Have you noticed the number of foreclosures on Maui lately?

A few weeks ago my partner, Barbara Potts, noticed something curious - lots of foreclosure announcements listed in The Maui News. We wondered, why all the foreclosures?

My thought was that since Hawaii is essentially a judicial foreclosure state, and due to the lack of enough judges to hear cases and the nature of the judicial system. But according to one of the leading Maui attorneys who also serves as a commissioner to foreclosures, there is much more to it than that.

According to our friend, there are 2 bigger factors at work.

First, I said that Hawaii is "essentially" a judicial foreclosure state. Actually, non-judicial foreclosures are allowed, but, back in 2010 the Hawaii legislature felt that foreclosures were out of control, so they put a moratorium on foreclosures for about a year. Then then law was changed to impose a severe penalty on the foreclosing party if there happened to be an error in the non-judicial process. The result was that virtually no one uses non-judicial foreclosures anymore. The aforementioned penalty is that the foreclosing party could lose their right to take the property back, and the debtor could potentially keep the property!

However, non-judicial used to be the predominant method of foreclosure. Now, several hundred of those non-judicial foreclosures are being challenged by the parties who lost their properties. As a result, the lien holders are going back and pursuing judicial foreclosures to protect themselves, and properties are working their way back into the system and to the market. Hundreds of them, I'm told.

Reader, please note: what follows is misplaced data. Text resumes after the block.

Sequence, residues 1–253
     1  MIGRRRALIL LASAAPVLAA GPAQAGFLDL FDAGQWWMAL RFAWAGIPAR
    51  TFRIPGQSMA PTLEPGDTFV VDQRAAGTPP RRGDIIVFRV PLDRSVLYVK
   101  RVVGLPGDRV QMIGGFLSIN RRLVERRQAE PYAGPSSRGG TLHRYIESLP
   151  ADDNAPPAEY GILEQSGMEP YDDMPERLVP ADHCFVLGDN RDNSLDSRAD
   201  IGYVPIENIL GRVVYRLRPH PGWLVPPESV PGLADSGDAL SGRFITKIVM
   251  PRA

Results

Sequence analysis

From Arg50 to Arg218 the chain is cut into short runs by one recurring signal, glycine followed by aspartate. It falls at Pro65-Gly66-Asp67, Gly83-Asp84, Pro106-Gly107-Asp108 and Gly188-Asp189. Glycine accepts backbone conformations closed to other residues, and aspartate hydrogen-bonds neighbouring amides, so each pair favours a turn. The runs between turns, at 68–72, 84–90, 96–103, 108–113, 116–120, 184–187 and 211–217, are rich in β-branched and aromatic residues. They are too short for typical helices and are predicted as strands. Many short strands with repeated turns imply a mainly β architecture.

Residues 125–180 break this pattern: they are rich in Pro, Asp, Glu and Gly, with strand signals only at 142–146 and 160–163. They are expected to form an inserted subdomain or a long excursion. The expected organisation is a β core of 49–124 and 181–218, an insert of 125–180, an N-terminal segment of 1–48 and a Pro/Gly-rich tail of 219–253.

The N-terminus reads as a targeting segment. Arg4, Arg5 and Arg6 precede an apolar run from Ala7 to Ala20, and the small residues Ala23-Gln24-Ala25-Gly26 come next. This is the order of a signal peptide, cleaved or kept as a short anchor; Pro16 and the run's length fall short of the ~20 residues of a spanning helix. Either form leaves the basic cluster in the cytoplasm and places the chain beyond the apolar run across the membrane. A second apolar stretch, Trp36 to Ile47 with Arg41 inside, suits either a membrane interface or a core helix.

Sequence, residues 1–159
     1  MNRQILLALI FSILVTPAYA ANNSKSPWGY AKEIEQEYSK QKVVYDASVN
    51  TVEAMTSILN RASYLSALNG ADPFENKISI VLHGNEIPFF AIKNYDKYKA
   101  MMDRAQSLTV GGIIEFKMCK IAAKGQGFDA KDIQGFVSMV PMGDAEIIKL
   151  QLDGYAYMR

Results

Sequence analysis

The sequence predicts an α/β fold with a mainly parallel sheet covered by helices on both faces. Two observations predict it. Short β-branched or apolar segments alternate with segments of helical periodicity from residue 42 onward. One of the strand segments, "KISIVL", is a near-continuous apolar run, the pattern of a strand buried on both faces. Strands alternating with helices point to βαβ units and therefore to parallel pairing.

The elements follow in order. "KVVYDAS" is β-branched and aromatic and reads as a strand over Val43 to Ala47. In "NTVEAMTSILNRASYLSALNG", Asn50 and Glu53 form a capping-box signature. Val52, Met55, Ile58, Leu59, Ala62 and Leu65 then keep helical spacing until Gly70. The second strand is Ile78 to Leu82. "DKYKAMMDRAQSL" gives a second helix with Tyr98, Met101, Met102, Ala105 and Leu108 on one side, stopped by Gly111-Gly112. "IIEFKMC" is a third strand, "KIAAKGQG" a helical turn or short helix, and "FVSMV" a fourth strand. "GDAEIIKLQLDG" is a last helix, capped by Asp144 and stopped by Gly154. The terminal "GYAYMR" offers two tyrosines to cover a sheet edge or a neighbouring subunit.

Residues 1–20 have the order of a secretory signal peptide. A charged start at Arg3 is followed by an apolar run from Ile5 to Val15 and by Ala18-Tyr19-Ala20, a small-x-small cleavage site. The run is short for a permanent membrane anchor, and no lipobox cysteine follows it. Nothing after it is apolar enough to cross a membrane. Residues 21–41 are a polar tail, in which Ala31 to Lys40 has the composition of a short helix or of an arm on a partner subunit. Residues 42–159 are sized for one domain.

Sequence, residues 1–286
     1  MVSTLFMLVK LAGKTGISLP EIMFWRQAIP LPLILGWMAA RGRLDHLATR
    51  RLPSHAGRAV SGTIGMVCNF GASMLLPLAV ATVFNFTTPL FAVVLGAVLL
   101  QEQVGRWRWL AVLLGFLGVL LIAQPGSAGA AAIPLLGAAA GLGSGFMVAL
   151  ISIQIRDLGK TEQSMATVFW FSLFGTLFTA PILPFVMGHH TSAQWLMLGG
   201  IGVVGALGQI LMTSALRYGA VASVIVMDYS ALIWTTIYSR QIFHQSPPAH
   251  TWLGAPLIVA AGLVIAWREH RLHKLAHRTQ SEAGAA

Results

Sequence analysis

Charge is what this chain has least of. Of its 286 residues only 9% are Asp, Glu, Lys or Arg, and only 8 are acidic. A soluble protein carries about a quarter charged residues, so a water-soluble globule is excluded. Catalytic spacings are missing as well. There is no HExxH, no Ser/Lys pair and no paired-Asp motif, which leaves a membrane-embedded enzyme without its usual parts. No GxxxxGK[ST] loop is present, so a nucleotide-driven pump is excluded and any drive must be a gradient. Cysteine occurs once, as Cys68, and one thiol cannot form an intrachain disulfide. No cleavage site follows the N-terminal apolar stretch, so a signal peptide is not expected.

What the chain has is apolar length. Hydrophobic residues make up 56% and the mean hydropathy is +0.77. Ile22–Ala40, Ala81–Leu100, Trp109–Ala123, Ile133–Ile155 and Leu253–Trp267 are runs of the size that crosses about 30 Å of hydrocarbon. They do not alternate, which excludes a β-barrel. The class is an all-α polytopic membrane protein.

The second factor are the folks who were fortunate enough to get loan modifications, or loan mods, and who now still can't afford to make their payments. The benefit of a load mod was that it temporarily lowered the borrower's interest rate. So, a borrower who was paying, perhaps 6%+, could get their rate set to something in the 2% or lower range.

That reduction, however, was temporary. Part of the deal with a load mod is that the rate goes back up over time, usually back to the original rate. Many of those borrowers who benefited from the low rate and were able to save their properties now find themselves back in the same place, unable to make payments and back in foreclosure.

What's next? Short sales? Who knows, but stay tuned. We'll keep you informed. The next article will be what you need to know about buying a foreclosure in Hawaii.

With warm aloha, 

Lee Potts